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Questions raised about artificial intelligence and academic integrity

04 Jun 2024 3 minute read
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A study has found that disengaged university students are more likely to use AI tools – particularly ChatGPT – for academic assignments, raising questions about academic integrity and the need for proactive interventions.

Launched in November 2022, ChatGPT is an AI program capable of answering questions in detailed, human-like ways.

Researchers at Swansea University surveyed 160 undergraduate students, aged between 18 and 24, in March 2023 to assess their attitudes towards and past usage of AI tools such as ChatGPT in academic coursework.

Thirty-two per cent of respondents expressed a willingness to use AI tools such as ChatGPT for their assignments, and fifteen per cent admitting they had already employed such tools in the past.

Apathy

Surprisingly, commonly used indicators of academic behaviour like personality traits – such as conscientiousness, agreeableness, Machiavellianism, and narcissism – along with academic performance and confidence in their own study abilities didn’t accurately predict future utilization of AI tools for coursework.

However, one key factor emerged as a significant predictor – degree apathy.

Lead author Dr David Playfoot explained: “The influence of the five big personality traits is typically significant in behavioural studies. However, much to our surprise, participants’ level of apathy towards their degree program overrode all of them. Our study revealed that students scoring higher on our degree apathy scale, indicating a lack of interest or engagement with their degree program, were more inclined to express a readiness to use AI tools for assignments.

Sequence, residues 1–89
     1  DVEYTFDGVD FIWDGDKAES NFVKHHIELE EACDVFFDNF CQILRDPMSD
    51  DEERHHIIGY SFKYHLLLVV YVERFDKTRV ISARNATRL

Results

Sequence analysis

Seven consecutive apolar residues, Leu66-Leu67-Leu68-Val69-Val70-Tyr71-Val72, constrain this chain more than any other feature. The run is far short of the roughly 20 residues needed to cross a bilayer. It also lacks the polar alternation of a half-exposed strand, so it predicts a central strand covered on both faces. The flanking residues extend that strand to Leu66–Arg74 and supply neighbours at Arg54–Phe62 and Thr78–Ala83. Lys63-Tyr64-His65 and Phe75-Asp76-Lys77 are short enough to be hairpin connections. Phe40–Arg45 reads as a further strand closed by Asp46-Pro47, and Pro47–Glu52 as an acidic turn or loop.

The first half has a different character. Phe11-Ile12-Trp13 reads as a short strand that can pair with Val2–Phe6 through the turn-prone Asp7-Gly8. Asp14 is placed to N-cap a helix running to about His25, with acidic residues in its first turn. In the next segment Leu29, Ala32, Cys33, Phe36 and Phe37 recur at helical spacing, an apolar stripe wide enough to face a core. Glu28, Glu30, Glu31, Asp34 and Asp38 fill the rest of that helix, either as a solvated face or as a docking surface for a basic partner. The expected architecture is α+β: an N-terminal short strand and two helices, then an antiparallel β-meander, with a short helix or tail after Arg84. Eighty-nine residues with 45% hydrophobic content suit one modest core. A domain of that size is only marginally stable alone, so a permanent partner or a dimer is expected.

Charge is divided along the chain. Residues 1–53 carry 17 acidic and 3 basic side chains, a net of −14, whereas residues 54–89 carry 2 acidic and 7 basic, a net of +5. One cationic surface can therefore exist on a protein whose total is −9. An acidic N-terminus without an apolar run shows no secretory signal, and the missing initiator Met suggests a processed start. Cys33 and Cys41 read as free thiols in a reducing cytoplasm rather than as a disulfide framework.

“It doesn’t matter if someone is generally conscientiousness, if they’re disengaged from their degree programme, they’re still more likely to use AI tools for their assignments.”

The study also explored the impact of risk and consequences on the likelihood of cheating with ChatGPT. Results showed that students were less likely to cheat when the risk of detection was high or the punishment for cheating was severe. However, those with higher degree apathy were still more likely to engage in academic misconduct even under increased risk.

Risk factor

Co-author Dr. Andrew G. Thomas emphasized the significance of degree apathy as a major risk factor for academic misconduct: “Our research highlights the importance of educators and institutions taking proactive measures to tackle this issue, ensuring the integrity of academic systems.

“It also points to an element of diminishing returns when it comes to deterrent, suggesting that scorched earth policies aren’t necessary for discouraging students from misusing AI – though those deterrents may need to be stronger for those disengaged from their studies.

“This study paves the way for innovative teaching methods focused on nurturing students’ intrinsic motivation and academic accountability.

“By understanding the role of degree apathy in students’ decision making and actions, educators can enhance their ability to maintain academic standards and uphold integrity in today’s digital academic environment.”


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